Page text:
Criminal Justice & the Rule of Law

Wet Foot/Dry Foot

Paul Rosenzweig
Friday, January 13, 2017, 3:00 PM

Yesterday, as on of his last official acts relating to immigration policy, President Obama announced the termination of the "Wet Foot/Dry Foot" policy for Cubans.

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Yesterday, as on of his last official acts relating to immigration policy, President Obama announced the termination of the "Wet Foot/Dry Foot" policy for Cubans. It's a move that Havana hailed and Cubans living in America decried. So, what exactly happened?

Let's begin with America's reaction to the Cuban revolution. Back in 1966 Congress adopted the Cuban Adjustment Act which provided a special pathway to legal residency for Cubans fleeing the Castro regime. At its simplest level, the CAA allowed Cubans who had been present in the United States for one year to apply for and secure a green card, on a path toward American citizenship.

The rub, such as it was, was getting to the United States and residing here for a year. The CAA applied in 1966 to a number of Cubans who had fled Cuba back in 1959 or 1960 and who had been living in the US since then. How would it apply to new arrivals? Initially, the US took a decision to parole everyone fleeing Cuba -- that is give them a free pass into the country -- for a year so that they then could adjust their status.

But then came the Mariel boatlift (when Castro emptied his jails) and the Cuban raft crisis (when thousands took to the ocean to try to escape an economic calamity in the early 1990s). We wanted to dissuade those types of dangerous efforts to enter America, but we did not want to turn out back on the Cubans who sought to leave their country.

Enter the wet foot/dry foot policy -- not a statute but a policy of the United States adopted in 1995. Again, in simple terms, if you were a Cuban attempting to enter the United States and you were stopped while at sea (i.e. with wet feet) you would be returned to Cuba (or to a third country), but if you were apprehended on land (i.e. with dry feet) you would be given a parole for entry into the United States and then, after a year, you could take advantage of the CAA and adjust your status to lawful resident.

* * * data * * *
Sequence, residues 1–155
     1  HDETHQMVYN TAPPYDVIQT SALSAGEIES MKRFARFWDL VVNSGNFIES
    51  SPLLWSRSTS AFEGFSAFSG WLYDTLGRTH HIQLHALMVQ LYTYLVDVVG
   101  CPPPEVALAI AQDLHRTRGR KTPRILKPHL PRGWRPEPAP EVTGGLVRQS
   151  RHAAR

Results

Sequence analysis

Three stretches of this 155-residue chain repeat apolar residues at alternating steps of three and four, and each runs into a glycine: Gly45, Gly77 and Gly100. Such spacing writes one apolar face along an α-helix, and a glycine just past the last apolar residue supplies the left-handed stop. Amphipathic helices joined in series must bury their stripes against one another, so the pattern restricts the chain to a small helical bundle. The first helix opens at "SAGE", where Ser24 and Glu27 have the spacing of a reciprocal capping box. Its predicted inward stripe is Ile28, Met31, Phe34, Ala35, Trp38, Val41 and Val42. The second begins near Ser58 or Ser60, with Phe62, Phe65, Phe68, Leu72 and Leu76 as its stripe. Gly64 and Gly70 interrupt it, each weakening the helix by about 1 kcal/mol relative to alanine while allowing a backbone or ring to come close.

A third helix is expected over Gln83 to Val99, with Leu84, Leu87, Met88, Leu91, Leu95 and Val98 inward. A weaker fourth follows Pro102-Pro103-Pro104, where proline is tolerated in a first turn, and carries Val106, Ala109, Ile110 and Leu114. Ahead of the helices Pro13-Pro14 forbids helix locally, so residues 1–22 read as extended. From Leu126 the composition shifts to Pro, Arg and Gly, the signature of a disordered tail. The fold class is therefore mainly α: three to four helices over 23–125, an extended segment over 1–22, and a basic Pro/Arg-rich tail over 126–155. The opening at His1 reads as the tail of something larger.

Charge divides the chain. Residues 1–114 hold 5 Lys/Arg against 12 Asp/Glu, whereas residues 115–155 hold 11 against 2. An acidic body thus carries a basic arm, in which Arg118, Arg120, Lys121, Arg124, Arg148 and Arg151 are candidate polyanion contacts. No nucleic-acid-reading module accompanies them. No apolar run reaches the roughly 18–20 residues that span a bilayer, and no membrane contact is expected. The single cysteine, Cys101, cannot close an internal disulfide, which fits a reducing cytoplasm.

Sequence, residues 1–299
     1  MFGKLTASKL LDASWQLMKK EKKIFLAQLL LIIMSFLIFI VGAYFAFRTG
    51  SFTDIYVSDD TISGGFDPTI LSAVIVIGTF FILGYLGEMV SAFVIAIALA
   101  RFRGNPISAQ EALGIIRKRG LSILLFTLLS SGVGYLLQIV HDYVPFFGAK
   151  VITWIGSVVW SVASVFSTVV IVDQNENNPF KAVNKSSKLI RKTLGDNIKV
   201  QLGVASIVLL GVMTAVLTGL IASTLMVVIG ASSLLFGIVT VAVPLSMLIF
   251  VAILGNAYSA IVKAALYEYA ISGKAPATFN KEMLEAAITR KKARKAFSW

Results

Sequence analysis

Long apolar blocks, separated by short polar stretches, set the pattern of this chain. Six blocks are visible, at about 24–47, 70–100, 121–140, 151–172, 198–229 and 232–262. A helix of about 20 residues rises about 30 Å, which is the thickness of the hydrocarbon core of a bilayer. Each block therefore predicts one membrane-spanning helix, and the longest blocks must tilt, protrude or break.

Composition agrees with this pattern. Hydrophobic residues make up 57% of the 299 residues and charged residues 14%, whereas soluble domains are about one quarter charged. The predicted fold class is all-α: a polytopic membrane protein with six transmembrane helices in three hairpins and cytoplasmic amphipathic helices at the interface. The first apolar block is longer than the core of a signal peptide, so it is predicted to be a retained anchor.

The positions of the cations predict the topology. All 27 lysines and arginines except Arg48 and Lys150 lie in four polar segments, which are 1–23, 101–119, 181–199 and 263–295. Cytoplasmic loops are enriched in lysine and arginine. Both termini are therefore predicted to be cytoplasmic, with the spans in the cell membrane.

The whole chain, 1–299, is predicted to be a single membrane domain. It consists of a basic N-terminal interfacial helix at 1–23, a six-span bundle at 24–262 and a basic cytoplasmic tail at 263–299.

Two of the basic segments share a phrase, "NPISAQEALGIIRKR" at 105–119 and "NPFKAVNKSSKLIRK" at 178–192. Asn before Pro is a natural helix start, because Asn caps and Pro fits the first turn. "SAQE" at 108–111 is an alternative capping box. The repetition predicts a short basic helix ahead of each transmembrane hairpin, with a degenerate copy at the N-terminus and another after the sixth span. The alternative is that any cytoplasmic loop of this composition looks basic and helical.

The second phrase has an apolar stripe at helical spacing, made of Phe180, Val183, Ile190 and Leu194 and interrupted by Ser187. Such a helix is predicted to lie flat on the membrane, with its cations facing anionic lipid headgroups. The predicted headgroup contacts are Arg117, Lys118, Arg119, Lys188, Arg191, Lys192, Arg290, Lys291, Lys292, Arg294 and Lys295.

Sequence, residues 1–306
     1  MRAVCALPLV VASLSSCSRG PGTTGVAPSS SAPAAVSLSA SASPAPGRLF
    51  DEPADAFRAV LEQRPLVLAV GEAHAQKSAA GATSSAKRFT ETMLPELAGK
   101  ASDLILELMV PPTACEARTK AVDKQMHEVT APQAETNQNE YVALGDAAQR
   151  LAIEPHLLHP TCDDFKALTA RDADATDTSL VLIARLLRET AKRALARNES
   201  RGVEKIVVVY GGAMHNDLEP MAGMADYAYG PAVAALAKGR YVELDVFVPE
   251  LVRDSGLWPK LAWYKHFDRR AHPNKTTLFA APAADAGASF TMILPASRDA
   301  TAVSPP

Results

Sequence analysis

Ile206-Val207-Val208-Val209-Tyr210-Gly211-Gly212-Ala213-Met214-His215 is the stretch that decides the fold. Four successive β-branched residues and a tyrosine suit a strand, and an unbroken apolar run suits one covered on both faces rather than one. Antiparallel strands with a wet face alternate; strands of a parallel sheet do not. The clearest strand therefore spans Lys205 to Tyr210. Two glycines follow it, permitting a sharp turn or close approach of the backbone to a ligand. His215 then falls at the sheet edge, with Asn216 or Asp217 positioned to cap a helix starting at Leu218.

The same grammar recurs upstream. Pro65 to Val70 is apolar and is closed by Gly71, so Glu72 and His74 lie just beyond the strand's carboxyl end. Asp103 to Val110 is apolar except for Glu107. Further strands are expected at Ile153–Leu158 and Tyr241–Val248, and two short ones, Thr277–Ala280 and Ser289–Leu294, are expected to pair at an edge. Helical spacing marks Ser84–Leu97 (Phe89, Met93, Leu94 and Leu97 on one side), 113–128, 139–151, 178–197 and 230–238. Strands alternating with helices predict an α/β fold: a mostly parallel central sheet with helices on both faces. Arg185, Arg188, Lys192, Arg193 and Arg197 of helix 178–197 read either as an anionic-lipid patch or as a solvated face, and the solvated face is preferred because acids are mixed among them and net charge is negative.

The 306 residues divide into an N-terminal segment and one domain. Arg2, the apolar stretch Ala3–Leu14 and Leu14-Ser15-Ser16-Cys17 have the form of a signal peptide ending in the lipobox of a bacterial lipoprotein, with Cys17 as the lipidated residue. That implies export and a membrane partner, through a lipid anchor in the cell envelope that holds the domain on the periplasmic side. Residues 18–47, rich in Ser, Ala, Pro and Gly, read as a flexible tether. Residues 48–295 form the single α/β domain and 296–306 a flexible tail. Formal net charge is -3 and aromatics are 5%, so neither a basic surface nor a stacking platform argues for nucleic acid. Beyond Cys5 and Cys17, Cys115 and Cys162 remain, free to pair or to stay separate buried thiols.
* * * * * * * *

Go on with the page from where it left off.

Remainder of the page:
And that's what changed yesterday. President Obama ended the last vestiges of Cuban parole (the dry foot component) and regularized Cuban immigration so that the application of parole is now identical to immigration from other nations. One can view it as another step toward normalization of relations with Cuba or as erecting a barrier to citizen desires to escape that country -- but whatever the characterization it just got harder for Cubans to come to America.

Notably, however, the President cannot and did not eliminate the provisions of the Cuban Adjustment Act. So we can expect that Cubans who want to leave will change their behavior to take advantage of the law that is still on the books. Today, to take advantage of that law a Cuban could probably arrive at the border and claim asylum -- a claim that would require an adjudication process which typically takes much longer than a year. After being present for a year, the CAA would apply to moot the asylum claim. And, of course, the next President can reinstate the wet foot policy with the same stroke of the pen that President Obama used to undo it.

Bottom line: Lots of important symbolism here. But the result is almost certainly going to be more Cubans arriving at the land border with Mexico to claim asylum, not less.

Paul Rosenzweig is the founder of Red Branch Consulting PLLC, a homeland security consulting company and a Senior Advisor to The Chertoff Group. Mr. Rosenzweig formerly served as Deputy Assistant Secretary for Policy in the Department of Homeland Security. He is a Professorial Lecturer in Law at George Washington University, a Senior Fellow in the Tech, Law & Security program at American University, and a Board Member of the Journal of National Security Law and Policy.

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